In what seems to not be a surprise to anyone, no one will be inducted into the Baseball Hall of Fame in Cooperstown, NY, in 2013, also dashing Dale Murphy's hopes in his final year on the ballot. It is the first time no one has been elected to the Hall of Fame since 1996.
With the mess of the steroid era finally showing up on the ballot, the Baseball Writers Association of America gave no one the necessary 75 percent of the vote. BBWAA voting members may name up to 10 players on their ballots.
In his first year on the ballot, former Houston Astros second baseman Craig Biggio garnered the largest vote with 68.2 percent, followed by Jack Morris (67.7 percent) and Biggio's longtime teammate Jeff Bagwell (59.6 percent) third year of eligibility.
The biggest names from the steroid era, Barry Bonds and Roger Clemens, got just 36.2 percent and 37.6 percent of the votes, respectively, reflecting a possible entrenchment by members of the BBWAA. The 12.6 percent of the vote Sammy Sosa got showed an even firmer rebuttal of known steroid users, even though he is the only player to hit 60 homers in three different seasons.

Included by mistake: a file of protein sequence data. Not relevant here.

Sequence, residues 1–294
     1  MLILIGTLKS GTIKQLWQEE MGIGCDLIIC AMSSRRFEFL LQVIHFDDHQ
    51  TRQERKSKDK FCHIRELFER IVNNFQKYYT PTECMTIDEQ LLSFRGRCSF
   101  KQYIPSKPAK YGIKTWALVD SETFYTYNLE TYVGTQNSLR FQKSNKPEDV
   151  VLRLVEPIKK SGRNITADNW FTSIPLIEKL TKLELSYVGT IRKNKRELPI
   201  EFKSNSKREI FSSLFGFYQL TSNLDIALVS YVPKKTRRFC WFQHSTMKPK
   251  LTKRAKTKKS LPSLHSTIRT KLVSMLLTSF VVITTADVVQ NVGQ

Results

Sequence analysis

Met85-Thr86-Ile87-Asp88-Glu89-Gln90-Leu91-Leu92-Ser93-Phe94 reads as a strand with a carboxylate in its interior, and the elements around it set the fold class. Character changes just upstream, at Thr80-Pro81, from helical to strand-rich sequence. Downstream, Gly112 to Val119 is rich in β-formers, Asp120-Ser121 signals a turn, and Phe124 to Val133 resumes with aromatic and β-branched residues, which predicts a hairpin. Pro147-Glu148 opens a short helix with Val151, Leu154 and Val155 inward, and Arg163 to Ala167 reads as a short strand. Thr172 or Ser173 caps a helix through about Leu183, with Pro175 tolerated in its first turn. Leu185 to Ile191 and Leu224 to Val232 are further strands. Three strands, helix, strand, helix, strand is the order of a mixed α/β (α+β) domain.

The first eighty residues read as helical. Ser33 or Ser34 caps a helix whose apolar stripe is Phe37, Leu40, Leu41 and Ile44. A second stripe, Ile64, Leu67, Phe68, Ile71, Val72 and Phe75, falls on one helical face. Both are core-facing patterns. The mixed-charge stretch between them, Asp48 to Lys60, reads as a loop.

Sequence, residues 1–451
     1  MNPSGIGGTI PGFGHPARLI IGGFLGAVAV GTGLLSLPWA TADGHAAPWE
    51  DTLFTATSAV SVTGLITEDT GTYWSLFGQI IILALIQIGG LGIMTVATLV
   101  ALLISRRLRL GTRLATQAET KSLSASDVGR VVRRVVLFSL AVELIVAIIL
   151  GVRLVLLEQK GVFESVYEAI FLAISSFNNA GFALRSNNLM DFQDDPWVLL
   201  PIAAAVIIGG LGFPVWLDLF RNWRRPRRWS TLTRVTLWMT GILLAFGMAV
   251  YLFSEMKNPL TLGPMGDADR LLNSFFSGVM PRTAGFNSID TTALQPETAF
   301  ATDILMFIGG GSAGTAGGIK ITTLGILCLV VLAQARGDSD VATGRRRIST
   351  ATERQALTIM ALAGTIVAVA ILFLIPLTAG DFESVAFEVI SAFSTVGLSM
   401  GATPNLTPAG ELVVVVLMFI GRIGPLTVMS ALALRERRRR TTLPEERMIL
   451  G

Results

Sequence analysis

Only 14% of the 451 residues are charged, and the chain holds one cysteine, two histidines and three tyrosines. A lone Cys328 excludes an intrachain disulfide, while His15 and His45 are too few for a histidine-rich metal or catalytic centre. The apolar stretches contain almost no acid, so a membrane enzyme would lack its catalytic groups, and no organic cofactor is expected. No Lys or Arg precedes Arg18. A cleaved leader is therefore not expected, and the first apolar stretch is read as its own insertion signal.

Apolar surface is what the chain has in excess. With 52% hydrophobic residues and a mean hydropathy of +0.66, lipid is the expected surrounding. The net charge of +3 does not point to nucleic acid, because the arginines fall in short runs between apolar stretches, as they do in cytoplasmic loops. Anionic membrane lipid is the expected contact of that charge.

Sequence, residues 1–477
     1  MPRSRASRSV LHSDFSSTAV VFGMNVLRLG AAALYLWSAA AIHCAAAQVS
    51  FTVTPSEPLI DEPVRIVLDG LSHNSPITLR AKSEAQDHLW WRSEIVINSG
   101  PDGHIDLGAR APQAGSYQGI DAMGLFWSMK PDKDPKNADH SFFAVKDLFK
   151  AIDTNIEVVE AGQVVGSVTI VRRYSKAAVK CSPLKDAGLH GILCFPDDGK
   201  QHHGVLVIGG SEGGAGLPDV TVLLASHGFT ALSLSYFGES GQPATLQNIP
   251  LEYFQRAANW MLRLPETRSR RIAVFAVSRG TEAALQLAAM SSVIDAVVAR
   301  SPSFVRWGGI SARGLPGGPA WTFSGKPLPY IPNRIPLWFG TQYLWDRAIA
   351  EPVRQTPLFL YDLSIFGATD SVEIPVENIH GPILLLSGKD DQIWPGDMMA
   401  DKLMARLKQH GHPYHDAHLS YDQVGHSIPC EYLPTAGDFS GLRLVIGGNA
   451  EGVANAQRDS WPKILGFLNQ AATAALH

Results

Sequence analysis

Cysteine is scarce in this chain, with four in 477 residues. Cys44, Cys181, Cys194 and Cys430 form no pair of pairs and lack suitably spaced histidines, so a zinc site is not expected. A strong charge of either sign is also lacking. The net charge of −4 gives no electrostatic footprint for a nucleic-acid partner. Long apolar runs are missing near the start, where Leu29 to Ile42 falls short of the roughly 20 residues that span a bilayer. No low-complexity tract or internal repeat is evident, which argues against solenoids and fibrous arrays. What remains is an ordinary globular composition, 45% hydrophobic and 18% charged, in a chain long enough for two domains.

Former Atlanta Braves outfielder Dale Murphy failed to get elected in his 15th and final year on the ballot, though the Veterans Committe may induct him down the road.
Mike Piazza was also snubbed in his first year of eligibility with 57.7 percent of the vote. His 396 homers as a catcher (427 total) rank first all time.
"There will still be an induction ceremony in Cooperstown, N.Y., on July 28," reports mlb.com "Longtime Yankees owner Jacob Ruppert, turn-of-the-20th-century umpire Hank O'Day and 19th-century catcher Deacon White were elected to the Hall last month by the Pre-Integration Committee, and their memories and heirs will be honored on that date. All three are deceased."
Former Braves Ryan Klesko and Reggie Sanders, who at least had the honor of appearing on the ballot, got zero votes and will not appear on the ballot in the future. Julio Franco appeared on 1.1 percent of the ballots, short of the 5 percent required to appear in the future. Another former Brave, Kenny Lofton, also was only named on 3.2 percent of ballots.
Next year should be particularly kind to the Braves with Greg Maddux and Tom Glavine appearing alongside the likes of Frank Thomas, Jeff Kent and Mike Mussina as first-timers.Tags: Atlanta, Atlanta Braves, Baseball Hall of Fame, MLB
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